Announcement event for the discovery on Egypt. (Photo: The National)

Egyptian officials unveil the discovery of ancient embalming workshops and tombs, including one for humans and another for animals, in a remarkable archaeological find at the Saqqara necropolis.

New findings at the Saqqara necropolis (Photo: The National)

In an astounding discovery, Egyptian officials have unveiled the findings of their archaeological mission at the Saqqara necropolis, located southeast of Cairo. The team has uncovered two embalming workshops, one for humans and another for animals, along with two small tombs, a sarcophagus, statues, and funerary amulets. This remarkable find marks the latest addition to a series of significant discoveries made by the Egyptian archaeological mission since 2018.

Led by Mostafa Waziri, the secretary general of Egypt’s Supreme Council of Antiquities, the team explored the workshops buried beneath a hill. The workshops were found to have distinct divisions into separate rooms, indicating their purpose in various stages of the mummification process. Among the uncovered artifacts were stone beds used for preparing corpses and bathing them in embalming fluids, measuring an impressive two meters in length and 50 centimeters in width. Additionally, an array of tools such as nitrate salt, black resin, wooden stirring sticks, and rolls of linen were discovered, shedding light on the embalming techniques employed.

A newly discovered tomb in the necropolis belonged to a fifth dynasty (2465-2323 BC) dignitary named Ne Hesut Ba. (Photo: The National)

The expedition also revealed two tombs of historical significance. One belonged to Ne Hesut Ba, a prominent figure from the 5th dynasty (2465-2323 BC). Inside his tomb, an alabaster statue of Ne Hesut Ba was found hidden within a niche. Inscriptions on the tomb’s walls unveiled his role as head of scribes and a priest of the god Horus. Moreover, the engravings highlighted his responsibility for constructing canals and waterways for the state. The second tomb belonged to Men Kheber, a priest from the more recent 18th Dynasty (1400 BC). Both tombs displayed vivid depictions of daily life, offering valuable insights into ancient Egyptian culture.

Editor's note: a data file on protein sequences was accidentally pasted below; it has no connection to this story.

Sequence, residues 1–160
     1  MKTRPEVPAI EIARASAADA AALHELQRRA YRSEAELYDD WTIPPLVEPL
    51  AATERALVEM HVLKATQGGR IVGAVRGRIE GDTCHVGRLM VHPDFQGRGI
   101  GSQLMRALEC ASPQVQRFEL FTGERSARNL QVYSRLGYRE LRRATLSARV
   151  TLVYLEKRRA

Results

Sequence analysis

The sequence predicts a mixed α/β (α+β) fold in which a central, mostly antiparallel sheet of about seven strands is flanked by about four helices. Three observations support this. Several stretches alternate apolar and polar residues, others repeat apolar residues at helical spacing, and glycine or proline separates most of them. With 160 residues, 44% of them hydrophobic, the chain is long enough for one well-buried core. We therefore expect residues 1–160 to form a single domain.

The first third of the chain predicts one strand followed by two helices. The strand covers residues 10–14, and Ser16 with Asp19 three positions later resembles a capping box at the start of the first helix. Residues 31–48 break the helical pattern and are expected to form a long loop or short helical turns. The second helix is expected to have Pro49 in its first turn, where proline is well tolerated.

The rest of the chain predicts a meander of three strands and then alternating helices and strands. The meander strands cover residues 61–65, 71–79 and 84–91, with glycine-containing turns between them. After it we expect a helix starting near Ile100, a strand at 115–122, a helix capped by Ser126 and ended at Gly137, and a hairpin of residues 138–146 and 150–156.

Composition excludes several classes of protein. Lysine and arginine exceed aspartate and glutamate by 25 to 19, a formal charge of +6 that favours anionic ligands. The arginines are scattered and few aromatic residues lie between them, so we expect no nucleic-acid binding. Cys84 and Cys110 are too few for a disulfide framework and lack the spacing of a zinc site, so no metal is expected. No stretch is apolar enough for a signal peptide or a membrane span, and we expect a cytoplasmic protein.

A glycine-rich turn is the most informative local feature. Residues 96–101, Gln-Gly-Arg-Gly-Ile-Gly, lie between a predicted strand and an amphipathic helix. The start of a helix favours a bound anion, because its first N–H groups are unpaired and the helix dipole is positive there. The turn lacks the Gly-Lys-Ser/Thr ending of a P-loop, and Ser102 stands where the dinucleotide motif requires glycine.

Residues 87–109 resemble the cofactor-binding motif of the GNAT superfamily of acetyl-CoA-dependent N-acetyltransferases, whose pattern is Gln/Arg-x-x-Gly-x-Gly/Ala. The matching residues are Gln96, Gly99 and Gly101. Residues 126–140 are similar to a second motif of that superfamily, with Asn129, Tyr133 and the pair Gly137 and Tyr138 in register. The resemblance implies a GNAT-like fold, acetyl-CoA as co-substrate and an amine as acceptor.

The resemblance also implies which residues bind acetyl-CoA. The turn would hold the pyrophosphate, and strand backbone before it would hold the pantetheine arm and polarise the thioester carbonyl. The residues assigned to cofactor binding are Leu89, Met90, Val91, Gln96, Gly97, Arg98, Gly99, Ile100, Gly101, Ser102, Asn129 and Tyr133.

Since commencing their work at Saqqara in 2018, the Egyptian archaeological mission, under Mr. Waziri’s leadership, has made several remarkable discoveries. Their initial breakthrough was the tomb of high priest Wahtye, dating back approximately 4,500 years to the Old Kingdom of ancient Egypt. Subsequently, the team unearthed numerous animal mummies. Notably, they discovered a cache of 59 sarcophagi and mummies in October 2020, followed by two additional findings consisting of 157 sarcophagi with mummies and 250 sarcophagi and mummies.

These extraordinary discoveries are currently exhibited at the Egyptian Museum in Tahrir, the National Museum of Egyptian Civilisation, and the upcoming Grand Egyptian Museum. Mr. Waziri emphasized the mission’s commitment to sharing their findings with the public, ensuring that these valuable artifacts are not left hidden away in storage. Excavations on the western side of the Saqqara necropolis are set to resume soon, promising further insights into Egypt’s ancient history.

Sourced from The National News